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Leveraging Historical Associations between Requirements and Source Code to Identify Impacted Classes

by   Davide Falessi, et al.
Cal Poly
University of Notre Dame
McGill University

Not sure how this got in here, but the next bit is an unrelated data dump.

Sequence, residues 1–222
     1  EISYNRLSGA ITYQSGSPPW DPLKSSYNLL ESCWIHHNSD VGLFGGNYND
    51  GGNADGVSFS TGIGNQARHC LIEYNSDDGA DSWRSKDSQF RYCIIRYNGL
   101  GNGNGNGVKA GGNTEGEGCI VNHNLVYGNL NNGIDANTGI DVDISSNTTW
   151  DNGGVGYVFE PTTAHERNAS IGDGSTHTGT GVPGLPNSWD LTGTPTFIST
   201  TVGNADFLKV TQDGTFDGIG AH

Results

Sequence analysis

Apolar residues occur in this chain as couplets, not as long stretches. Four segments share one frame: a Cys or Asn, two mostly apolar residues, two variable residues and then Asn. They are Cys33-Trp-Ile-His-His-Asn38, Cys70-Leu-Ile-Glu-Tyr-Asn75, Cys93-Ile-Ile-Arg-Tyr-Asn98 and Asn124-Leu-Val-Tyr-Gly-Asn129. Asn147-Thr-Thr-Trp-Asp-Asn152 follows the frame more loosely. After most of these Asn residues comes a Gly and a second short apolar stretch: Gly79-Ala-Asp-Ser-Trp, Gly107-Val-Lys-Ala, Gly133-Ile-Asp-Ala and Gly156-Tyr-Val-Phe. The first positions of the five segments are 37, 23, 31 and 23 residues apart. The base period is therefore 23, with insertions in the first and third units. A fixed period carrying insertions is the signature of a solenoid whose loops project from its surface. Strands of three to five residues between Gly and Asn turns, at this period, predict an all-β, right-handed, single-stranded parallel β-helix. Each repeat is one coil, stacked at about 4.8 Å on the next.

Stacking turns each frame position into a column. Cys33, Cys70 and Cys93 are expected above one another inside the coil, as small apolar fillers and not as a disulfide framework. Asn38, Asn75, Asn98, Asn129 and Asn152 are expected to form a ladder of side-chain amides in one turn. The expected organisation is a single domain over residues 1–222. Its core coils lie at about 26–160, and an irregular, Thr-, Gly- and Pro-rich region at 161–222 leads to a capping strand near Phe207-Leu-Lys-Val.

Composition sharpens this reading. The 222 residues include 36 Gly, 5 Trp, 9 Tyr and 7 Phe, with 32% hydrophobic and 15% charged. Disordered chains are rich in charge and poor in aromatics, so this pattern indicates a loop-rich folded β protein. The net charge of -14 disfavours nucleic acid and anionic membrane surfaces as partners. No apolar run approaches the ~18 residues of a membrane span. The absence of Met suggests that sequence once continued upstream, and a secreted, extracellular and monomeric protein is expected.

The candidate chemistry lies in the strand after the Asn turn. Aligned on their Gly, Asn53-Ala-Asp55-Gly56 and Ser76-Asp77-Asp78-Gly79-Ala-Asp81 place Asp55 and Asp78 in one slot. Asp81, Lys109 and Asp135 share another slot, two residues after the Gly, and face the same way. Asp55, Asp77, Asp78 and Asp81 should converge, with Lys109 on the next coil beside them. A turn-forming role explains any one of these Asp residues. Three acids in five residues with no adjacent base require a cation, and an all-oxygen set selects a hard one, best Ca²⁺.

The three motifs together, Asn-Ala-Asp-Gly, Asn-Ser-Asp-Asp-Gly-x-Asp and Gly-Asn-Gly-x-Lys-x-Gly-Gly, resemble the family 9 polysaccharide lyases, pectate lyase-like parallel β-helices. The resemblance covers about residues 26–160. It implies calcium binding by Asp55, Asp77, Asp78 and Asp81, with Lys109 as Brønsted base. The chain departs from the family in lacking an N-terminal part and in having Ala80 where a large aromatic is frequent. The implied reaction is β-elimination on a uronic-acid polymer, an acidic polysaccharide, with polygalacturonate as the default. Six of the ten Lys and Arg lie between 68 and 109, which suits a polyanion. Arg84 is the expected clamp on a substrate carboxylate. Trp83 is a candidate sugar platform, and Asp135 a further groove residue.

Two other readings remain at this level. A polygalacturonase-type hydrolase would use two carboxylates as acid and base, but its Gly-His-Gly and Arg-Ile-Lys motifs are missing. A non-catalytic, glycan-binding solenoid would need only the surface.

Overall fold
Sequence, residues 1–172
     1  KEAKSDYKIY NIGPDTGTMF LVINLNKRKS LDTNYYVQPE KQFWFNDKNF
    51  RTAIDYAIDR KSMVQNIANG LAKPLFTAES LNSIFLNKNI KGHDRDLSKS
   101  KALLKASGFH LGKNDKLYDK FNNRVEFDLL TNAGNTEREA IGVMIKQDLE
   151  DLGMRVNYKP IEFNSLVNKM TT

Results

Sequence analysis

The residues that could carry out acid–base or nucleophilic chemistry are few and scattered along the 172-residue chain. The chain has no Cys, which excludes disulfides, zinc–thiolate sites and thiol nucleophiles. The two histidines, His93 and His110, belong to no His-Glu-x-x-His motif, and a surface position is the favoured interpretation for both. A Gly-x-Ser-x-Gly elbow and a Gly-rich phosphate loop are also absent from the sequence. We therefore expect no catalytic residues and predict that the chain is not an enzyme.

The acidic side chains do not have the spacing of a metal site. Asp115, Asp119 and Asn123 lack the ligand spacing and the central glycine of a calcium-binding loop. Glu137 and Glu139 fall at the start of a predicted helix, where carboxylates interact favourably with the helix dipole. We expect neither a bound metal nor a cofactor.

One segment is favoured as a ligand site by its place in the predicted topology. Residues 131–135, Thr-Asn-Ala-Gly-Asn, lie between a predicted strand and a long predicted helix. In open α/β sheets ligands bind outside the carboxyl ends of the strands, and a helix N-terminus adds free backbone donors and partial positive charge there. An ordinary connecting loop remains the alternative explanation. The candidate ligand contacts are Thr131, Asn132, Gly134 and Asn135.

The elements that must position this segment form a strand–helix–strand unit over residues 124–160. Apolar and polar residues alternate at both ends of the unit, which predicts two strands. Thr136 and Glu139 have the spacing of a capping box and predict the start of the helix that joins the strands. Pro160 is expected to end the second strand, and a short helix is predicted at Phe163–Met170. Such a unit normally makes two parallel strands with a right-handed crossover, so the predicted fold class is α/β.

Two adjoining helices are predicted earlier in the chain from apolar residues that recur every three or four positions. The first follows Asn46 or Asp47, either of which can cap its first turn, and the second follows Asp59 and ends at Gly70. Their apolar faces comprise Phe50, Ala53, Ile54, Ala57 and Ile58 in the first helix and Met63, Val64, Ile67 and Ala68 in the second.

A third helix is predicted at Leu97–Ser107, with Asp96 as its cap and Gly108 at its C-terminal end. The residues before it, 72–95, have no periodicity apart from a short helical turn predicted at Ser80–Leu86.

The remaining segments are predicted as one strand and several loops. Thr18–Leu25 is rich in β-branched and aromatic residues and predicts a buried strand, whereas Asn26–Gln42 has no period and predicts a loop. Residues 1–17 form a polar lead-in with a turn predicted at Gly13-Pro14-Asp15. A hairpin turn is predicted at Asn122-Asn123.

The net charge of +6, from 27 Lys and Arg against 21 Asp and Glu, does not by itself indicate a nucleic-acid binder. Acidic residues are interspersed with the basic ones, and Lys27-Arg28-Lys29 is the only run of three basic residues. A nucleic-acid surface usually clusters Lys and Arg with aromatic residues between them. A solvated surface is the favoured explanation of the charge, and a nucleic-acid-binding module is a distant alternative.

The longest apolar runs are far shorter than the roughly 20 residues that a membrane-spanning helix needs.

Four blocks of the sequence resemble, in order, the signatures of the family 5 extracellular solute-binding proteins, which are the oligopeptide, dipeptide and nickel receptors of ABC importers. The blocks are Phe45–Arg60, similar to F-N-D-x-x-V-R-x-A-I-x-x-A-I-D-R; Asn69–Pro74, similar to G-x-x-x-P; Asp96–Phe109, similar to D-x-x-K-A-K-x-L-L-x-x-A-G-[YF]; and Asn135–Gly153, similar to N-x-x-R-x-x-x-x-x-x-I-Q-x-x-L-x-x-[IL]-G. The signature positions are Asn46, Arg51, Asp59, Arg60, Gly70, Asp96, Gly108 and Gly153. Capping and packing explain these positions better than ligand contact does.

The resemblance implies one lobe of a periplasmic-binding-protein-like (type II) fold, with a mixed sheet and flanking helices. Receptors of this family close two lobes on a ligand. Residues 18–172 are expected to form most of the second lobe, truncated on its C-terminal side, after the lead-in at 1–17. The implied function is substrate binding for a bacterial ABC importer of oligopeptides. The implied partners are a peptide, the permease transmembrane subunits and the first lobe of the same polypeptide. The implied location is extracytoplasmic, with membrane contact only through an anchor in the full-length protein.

As new requirements are introduced and implemented in a software system, developers must identify the set of source code classes which need to be changed. Therefore, past effort has focused on predicting the set of classes impacted by a requirement. In this paper, we introduce and evaluate a new type of information based on the intuition that the set of requirements which are associated with historical changes to a specific class are likely to exhibit semantic similarity to new requirements which impact that class. This new Requirements to Requirements Set (R2RS) family of metrics captures the semantic similarity between a new requirement and the set of existing requirements previously associated with a class. The aim of this paper is to present and evaluate the usefulness of R2RS metrics in predicting the set of classes impacted by a requirement. We consider 18 different R2RS metrics by combining six natural language processing techniques to measure the semantic similarity among texts (e.g., VSM) and three distribution scores to compute overall similarity (e.g., average among similarity scores). We evaluate if R2RS is useful for predicting impacted classes in combination and against four other families of metrics that are based upon temporal locality of changes, direct similarity to code, complexity metrics, and code smells. Our evaluation features five classifiers and 78 releases belonging to four large open-source projects, which result in over 700,000 candidate impacted classes. Experimental results show that leveraging R2RS information increases the accuracy of predicting impacted classes practically by an average of more than 60 the various classifiers and projects.


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